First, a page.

Jun20

Direct Line Group

What to Expect in a Competency-Based Interview

Posted by Direct Line Group at 02:58 PM

What to expect at a competency based interview

So you’ve written, checked and double-checked your application, sent it off and spent several agonising days, weeks or even months waiting to hear back. Then suddenly, you receive a response from the recruiter: they’ve called you to interview.

Then you notice that it’s not just any interview – it’s a ‘competency based interview’ (sometimes shortened to ‘competency interview’). At this point your palms perspire a little and your pulse picks up the pace. What exactly is a competency based interview? It sounds rather cold and technical, but in fact there’s not much to fear from them if you prepare correctly.

In order to know what to expect, it helps to have an understanding of what is meant by a ‘competency’.

What are competencies?

Competencies are qualities (in the form of character traits or capabilities) that an employer considers valuable for a particular job.

They can be technical skills specific to a certain position, such as having proficiency with a particular software application. These tend to be used for technical or specialised roles.

But since competency based interviews are used most commonly for broad, entry-level positions such as graduate employment schemes, the focus of many tends to be on ‘behavioural competencies’. These cover softer skills or abilities, such as the following:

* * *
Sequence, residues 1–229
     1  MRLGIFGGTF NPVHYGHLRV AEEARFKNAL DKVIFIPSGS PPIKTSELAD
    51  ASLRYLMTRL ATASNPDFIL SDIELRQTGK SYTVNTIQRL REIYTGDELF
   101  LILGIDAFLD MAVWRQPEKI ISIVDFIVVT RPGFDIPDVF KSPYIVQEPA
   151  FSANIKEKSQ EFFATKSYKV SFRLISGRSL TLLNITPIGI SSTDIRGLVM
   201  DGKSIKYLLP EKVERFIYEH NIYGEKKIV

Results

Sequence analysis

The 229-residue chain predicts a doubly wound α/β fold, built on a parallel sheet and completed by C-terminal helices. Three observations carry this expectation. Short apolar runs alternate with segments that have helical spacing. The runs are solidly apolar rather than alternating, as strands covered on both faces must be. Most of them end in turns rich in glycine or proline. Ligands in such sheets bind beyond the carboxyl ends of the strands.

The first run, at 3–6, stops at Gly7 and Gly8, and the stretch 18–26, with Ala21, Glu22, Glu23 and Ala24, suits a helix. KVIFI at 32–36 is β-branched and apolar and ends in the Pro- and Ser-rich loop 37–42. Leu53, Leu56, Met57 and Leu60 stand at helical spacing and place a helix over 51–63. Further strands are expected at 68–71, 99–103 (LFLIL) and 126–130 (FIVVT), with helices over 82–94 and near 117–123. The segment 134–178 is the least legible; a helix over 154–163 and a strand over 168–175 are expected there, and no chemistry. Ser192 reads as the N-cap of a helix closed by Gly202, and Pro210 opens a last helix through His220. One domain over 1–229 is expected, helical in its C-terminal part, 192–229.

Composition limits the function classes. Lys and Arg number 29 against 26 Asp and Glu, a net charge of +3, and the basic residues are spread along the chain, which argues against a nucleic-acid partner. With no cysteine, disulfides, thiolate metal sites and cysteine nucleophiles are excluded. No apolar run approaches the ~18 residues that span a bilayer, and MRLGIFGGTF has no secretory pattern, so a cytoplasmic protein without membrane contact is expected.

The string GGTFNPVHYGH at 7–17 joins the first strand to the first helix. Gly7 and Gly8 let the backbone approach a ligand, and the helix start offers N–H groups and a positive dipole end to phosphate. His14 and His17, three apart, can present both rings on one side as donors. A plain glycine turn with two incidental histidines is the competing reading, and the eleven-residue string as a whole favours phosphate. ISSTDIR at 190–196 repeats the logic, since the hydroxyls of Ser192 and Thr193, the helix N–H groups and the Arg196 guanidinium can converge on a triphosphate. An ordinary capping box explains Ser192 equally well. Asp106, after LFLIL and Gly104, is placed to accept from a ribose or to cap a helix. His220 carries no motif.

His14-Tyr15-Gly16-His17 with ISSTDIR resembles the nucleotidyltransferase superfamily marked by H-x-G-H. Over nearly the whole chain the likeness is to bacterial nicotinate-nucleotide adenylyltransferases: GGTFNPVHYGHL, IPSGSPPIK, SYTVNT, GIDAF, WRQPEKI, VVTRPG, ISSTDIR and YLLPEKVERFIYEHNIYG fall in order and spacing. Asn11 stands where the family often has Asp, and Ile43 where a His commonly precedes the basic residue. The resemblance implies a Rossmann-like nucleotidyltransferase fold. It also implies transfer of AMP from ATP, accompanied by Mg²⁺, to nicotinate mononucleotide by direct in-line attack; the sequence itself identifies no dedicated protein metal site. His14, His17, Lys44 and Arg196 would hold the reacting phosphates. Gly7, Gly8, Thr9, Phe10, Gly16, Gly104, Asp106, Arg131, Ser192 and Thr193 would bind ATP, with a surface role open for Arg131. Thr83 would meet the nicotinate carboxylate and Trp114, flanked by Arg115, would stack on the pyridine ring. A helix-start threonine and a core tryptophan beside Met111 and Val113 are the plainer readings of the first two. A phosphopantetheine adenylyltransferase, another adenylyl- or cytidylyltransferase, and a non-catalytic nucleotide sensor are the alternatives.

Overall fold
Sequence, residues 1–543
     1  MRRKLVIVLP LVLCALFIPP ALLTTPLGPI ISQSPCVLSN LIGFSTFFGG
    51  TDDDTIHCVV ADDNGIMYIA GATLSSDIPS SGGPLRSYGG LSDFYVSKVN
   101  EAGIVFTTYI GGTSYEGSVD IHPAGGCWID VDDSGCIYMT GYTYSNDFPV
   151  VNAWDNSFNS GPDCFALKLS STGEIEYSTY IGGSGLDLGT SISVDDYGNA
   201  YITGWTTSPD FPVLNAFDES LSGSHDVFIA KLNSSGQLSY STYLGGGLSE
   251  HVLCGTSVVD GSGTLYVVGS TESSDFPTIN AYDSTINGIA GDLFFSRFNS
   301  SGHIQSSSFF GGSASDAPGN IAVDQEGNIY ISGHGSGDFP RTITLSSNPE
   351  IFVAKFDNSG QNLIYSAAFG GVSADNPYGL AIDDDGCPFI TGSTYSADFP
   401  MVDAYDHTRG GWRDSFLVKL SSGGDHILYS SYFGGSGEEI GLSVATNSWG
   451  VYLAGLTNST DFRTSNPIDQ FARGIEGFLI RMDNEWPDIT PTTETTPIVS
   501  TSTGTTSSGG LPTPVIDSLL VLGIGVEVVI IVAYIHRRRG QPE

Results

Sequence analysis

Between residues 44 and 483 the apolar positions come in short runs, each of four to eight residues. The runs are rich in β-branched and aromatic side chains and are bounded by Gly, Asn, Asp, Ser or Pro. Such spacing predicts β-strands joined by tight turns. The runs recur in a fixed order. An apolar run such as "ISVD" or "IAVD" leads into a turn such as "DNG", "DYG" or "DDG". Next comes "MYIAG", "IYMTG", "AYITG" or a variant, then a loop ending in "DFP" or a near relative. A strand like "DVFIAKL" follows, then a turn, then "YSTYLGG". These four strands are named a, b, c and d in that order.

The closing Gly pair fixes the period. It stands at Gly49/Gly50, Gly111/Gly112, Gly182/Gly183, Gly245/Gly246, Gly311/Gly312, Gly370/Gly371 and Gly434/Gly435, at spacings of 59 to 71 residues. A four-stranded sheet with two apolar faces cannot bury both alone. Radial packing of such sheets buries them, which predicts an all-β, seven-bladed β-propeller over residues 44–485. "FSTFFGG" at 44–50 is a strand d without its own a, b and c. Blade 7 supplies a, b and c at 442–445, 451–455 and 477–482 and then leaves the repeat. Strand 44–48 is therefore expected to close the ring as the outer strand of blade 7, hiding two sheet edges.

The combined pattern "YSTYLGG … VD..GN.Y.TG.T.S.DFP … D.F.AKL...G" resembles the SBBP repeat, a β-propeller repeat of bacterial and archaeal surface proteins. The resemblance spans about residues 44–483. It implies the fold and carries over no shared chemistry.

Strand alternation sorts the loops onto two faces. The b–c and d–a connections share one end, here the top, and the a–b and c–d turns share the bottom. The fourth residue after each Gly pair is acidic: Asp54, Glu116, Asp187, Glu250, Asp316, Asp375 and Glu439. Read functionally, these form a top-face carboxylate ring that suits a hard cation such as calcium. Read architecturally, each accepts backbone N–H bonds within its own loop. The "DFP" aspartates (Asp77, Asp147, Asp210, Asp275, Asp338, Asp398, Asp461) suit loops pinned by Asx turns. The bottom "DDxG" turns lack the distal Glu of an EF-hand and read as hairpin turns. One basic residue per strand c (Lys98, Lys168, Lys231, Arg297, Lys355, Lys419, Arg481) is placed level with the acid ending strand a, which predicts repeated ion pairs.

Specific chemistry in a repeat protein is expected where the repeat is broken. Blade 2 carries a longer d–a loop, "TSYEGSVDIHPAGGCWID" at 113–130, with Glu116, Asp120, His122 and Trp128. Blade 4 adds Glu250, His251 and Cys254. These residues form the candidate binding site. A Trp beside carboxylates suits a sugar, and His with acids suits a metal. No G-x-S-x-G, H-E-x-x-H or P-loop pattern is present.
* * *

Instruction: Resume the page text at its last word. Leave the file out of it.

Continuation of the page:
• Analytical and/or evaluative skills
  • Commercial orientation and/or awareness
  • Communication
  • Decision making
  • Flexibility
  • Initiative
  • Leadership potential
  • Motivation
  • Organisation skills
  • Problem solving
  • Results focus
  • Reliability and trustworthiness
  • Teamwork
What is a competency based interview?

Competency based interviews have a set structure. The questions tend to be written by specialised psychologists. There’s less of the unstructured ‘back-and-forth’ of the kind that often happens in standard interviews.

On the other hand, a series of competency based questions could form just one part of a longer interview, so it’s still a good idea to prepare answers to typical interview questions as well.
The questions you’ll be asked are likely to be relatively open-ended, based on:
  • experiences you’ve had in the past
  • how you interpret them
  • the insights into your character that they reveal.
Remember that just because these questions focus on experiences in the past, that doesn’t mean that as a fresh graduate or junior applicant you’ll be at a disadvantage. Behavioural skills tend to be transferable, meaning that your achievements in sports teams, societies or your studies can be highly relevant to the job for which you’re applying.

Why use competency based interviews?

Employers see value in competency based interviews for several reasons.

Firstly, they add a layer of objectivity to the recruitment process. Using a standard format enables employers to compare candidates in a fair and logical way. While they don’t remove the subjective element all together, they do make it more difficult for interviewers to rely (even if just subconsciously) on their gut instinct to evaluate candidates. So in this way they can be fairer on candidates, as well as more effective for recruiters. This is especially important in large organisations with graduate employment schemes, as the format can be standardised regardless of who is running the interview.